AIDS or Acquired Immune Deficiency Syndrome is a condition in human in which the inbuilt defence systems of the body are destroyed completely. As a result, our body cannot be able to prevent common diseases like pneumonia, diarrhea, tuberculosis or even common cold. Ultimately the patient dies due to one or another infection.
The casual agent of this disease is a virus i.e. HIV or Human Immune Deficiency Virus. The HIV is rehire-virus and genetically highly variable in antigen city. It integrates into the host cell and produces an effective cytotoxic T-cell response. Usually the virus attacks and destroys the lymphocytes of the blood cell.
The virus enters into the body in three major ways:
(a) With sexual intercourse with an infected person.
(b) Through transfusion of HIV-infected blood or blood products or through infected blood in needles, syringes and other such instruments.
(c) Transmission from an infected mother to her new born.
The HIV is not a communicable disease. Hence it is not transmitted through:
(ii) Sharing food
(iii) Mosquitoes or fly biting
(iv) Travelling, shaking hands or living and working with infected persons.
By the end of August 1994, a total of 21, 15, 794 persons were screened in our country and out of that 15,526 were confirmed to be HIV-infected. About 60% of reported AIDS cases had tuberculosis. The number is increasing in a greater speed.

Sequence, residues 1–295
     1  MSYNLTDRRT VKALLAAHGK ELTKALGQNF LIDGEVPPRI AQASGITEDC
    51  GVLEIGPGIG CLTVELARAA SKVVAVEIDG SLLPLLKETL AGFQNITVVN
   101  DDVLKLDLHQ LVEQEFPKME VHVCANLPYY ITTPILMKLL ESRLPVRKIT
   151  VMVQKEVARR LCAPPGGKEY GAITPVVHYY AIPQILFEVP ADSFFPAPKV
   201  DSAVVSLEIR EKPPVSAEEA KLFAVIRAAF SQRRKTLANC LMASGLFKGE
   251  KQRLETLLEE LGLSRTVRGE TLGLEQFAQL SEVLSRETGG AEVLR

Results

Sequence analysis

Main drawback of AIDS control is that there is no drug for cure, or no vaccine for prevention. Hence the prevention or control only can be taken at socio-economic level and that is possible only due to people’s awareness towards the menace.
(i) Avoiding sexual contact with infected persons of opposite sexes,
(ii) AIDS virus infected blood transfusion should be avoided,
(iii) AIDS virus infected injection syringes should be avoided.
(iv) People’s awareness towards the dreaded consequences of this disease is the best method of AIDS control.
(v) Governments, voluntary organisations and school and college students should come forward for the mass media advertisement of the serious consequences of AIDS.
(vi) Electronic media should also broadcast programmes on – AIDS propaganda,
(vii) Seminars, conferences and symposium should be organized to assess the spread of this disease.
The AIDS Control Programme has been launched by Govt. of India in 1986 with surveillance centres, testing of cases for infection, training of personnel and mass health education as its main activities.